ment was considered. The surgical approach was very
similar to the one taken for patient No. 5 (no figures
shown) in terms of controlled access, granulation
tissue removal, root surface irradiation (Fig. 18) and
suturing (Fig. 19).
The recovery of her surgical site was uneventful
one week later (Fig. 20) and remained asymptomatic
throughout her ensuing orthodontic treatment.
Two-and-a-half years later, both the periodontal
probing (Fig. 21) and radiograph (Fig. 22) show quite
satisfactory clinical reattachment (Fig. 21) and bone
remodeling around the initially ‘hopeless’ incisor.
Patient No. 4
This patient was a healthy 58-year-old male who
presented with an infected periodontal pocket (Fig.
23). After it was probed and calibrated (Fig. 24), the
inflamed granulation tissues were selectively sepa-
rated from the remaining healthy attached gingiva
and within the periodontal pocket (Fig. 25).
Although infection was initially present, no medi-
cation was prescribed and the patient reported no
need for any; the surgical site recovered without any
incident (Fig. 26). Clinical attachment was eventu-
ally reestablished in a month (Fig. 27) and remained
stable two years later (Fig. 28).
Fig. 22
Patient No. 3
Fig. 14_Patient No. 3, a 26-year-old healthy female patient with generalized chronic periodontitis.
Fig. 15_Apical radiograph of the upper right lateral incisor.
Fig. 16_Seven months later, after conventional nonsurgical debridement and prophylaxis.
Fig. 17_Seven-month postoperative probing of the lingual pocket of the right lateral incisor still demonstrates significant depth.
Fig. 18_Exposure of the lingual pocket followed by laser removal of granulation tissue and bacterial reduction.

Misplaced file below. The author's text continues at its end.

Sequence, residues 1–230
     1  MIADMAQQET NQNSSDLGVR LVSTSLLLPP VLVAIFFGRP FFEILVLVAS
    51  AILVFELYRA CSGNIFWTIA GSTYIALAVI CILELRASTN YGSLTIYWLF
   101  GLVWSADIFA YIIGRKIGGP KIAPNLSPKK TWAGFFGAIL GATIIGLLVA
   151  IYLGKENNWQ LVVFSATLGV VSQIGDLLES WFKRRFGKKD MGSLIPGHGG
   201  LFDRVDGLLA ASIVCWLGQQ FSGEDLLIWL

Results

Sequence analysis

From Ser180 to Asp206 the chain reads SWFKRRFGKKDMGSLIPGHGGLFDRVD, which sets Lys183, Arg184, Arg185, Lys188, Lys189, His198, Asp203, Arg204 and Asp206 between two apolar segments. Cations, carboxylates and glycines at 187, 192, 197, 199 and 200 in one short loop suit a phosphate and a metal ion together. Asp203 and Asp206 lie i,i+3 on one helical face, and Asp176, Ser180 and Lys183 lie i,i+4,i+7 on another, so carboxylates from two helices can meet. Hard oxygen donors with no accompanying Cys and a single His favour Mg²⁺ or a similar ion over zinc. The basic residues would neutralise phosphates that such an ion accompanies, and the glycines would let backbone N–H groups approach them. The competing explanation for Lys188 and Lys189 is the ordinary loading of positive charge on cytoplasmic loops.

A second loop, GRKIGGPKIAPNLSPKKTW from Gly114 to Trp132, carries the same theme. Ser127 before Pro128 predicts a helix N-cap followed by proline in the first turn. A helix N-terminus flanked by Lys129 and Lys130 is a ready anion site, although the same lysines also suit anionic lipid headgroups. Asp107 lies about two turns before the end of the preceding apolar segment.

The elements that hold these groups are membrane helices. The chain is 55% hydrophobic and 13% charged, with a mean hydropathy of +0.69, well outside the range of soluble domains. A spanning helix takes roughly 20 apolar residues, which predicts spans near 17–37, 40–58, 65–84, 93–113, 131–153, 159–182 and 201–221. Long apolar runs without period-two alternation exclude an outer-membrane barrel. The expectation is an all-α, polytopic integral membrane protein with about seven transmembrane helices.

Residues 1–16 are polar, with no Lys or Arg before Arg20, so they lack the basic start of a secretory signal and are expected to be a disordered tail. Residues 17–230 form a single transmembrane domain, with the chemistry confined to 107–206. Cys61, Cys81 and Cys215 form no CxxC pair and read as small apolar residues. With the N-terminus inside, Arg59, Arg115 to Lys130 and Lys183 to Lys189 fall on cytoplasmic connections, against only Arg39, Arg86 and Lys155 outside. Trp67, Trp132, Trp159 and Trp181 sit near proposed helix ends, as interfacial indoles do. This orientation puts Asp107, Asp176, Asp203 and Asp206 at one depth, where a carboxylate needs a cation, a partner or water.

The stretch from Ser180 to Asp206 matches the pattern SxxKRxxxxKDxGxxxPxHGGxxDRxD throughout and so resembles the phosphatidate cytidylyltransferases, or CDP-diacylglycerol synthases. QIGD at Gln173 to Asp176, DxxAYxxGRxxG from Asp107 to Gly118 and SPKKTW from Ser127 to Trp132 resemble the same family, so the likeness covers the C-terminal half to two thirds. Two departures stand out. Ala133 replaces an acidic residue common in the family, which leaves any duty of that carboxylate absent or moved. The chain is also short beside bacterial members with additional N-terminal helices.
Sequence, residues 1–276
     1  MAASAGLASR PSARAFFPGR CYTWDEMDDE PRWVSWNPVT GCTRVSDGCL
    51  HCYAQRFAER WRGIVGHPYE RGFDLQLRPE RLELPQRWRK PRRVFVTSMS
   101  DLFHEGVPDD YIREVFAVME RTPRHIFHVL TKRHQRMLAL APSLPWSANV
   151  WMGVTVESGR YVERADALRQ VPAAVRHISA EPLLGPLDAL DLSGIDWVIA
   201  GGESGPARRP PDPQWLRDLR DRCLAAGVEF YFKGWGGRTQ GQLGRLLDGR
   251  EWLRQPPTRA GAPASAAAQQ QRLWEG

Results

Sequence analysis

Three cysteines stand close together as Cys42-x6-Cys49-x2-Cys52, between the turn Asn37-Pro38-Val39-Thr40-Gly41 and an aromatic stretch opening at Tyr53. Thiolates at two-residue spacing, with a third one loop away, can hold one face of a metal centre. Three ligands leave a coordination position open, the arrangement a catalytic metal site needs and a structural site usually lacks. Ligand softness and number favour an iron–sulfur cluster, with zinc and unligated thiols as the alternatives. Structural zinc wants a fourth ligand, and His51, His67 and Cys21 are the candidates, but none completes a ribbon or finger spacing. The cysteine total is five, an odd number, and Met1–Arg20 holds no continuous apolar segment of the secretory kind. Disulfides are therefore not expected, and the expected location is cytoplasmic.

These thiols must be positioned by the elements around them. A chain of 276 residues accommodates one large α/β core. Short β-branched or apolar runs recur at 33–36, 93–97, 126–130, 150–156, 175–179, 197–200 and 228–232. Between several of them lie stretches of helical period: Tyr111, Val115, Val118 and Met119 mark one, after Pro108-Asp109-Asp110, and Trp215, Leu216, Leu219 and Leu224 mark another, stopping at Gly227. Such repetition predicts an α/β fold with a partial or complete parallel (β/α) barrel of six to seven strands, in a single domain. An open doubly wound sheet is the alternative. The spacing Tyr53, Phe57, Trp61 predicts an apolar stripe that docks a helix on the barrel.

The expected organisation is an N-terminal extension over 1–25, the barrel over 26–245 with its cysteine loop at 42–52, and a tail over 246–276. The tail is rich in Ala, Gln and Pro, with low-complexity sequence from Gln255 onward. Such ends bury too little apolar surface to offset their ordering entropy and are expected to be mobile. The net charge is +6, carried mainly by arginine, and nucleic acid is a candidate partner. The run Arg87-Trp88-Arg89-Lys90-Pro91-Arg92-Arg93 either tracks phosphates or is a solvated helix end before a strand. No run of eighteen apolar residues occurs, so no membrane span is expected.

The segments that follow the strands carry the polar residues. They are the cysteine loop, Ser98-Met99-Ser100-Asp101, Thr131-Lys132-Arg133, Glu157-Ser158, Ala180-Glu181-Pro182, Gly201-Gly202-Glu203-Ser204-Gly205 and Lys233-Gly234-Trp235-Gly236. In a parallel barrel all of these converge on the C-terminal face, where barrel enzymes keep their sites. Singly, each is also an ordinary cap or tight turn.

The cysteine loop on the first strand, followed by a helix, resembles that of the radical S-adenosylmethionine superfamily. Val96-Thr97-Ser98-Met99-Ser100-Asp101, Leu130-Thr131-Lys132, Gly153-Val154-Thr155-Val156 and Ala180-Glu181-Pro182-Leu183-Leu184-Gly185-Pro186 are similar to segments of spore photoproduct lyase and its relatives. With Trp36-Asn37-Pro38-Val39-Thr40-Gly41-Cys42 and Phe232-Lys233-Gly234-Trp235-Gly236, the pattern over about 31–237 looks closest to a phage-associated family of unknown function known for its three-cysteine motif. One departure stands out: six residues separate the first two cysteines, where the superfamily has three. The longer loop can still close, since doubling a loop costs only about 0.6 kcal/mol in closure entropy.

Fig. 19_Surgical closure with sutures.
Fig. 20_One-week postoperative
view.
Fig. 21_Thirty-month postoperative probing, showing reattachment.
Fig. 22_Thirty-month postoperative radiograph.
laser
1_2012
C.E. article_ clinical study I
Patient No. 4
Fig. 23_Initial view of periodontal
abscess on the facial aspect of tooth
#30 of patient No. 4.
Fig. 24_Periodontal probe being
used to ascertain extensions of the
pocket.
Fig. 25_Immediate postoperative
view after laser ablation of
granulation tissue.
Fig. 26_One-week postoperative
view.
Fig. 27_One-month postoperative
view.
Fig. 28_Two-year postoperative
probing.
I 21
_Discussion
There were 23 similar clinical scenarios in the
study. The patients typically presented with vary-
ing degrees of symptoms and contributing factors,
which would normally require invasive conventional
open-flap surgery and prescriptions for antibiotics
and analgesics, followed by a long period of conva-
lescence.
With the flexibility of the Er:YAG laser contact
tip, the surgical sites were carefully and precisely
designed, the subsequent instrumentations were
less invasive, and laser energy transfer was finely
controlled.
tAs a result, the healing experiences of these
patients were much more pleasant, and the surgical
outcomes were more controlled.
Although there were signs of clinical reattach-
ments for all of the treated areas consistent with
Gaspirc and Skaleric
38
in their five-year, 25-patient
study, there was no attempt to compare the quan-
titative assessment of the clinical attachment levels,
since the gold standard for surgical reassessment of
the actual bone level is not appropriate for clinical
studies of this nature.
Then, again, if the main objective of periodontal
surgery is the establishment of a new connective tis-
sue attachment to a root surface previously exposed
to periodontal disease, the collective clinical and
radiographic observations are quite supportive of the
effectiveness of this new treatment modality.
With the ablation of both hard
26
(alveolar bone)
and soft tissue
32
(granulation and gingival tissue)
precisely controlled, periodontal tissue reshaping
or recontouring can be planned and performed ef-
ficiently with the Er:YAG laser.
The bactericidal
21-23
and possible biostimulation
33

effects of this radiation with no carbonization or in-
tense coagulation allow faster wound healing with-
out any major postoperative swelling, pain, or bleed-
ing. By allowing the various growth factors involved
in wound healing to work soon after the surgery, the
less-than-profound hemostasis from the Er:YAG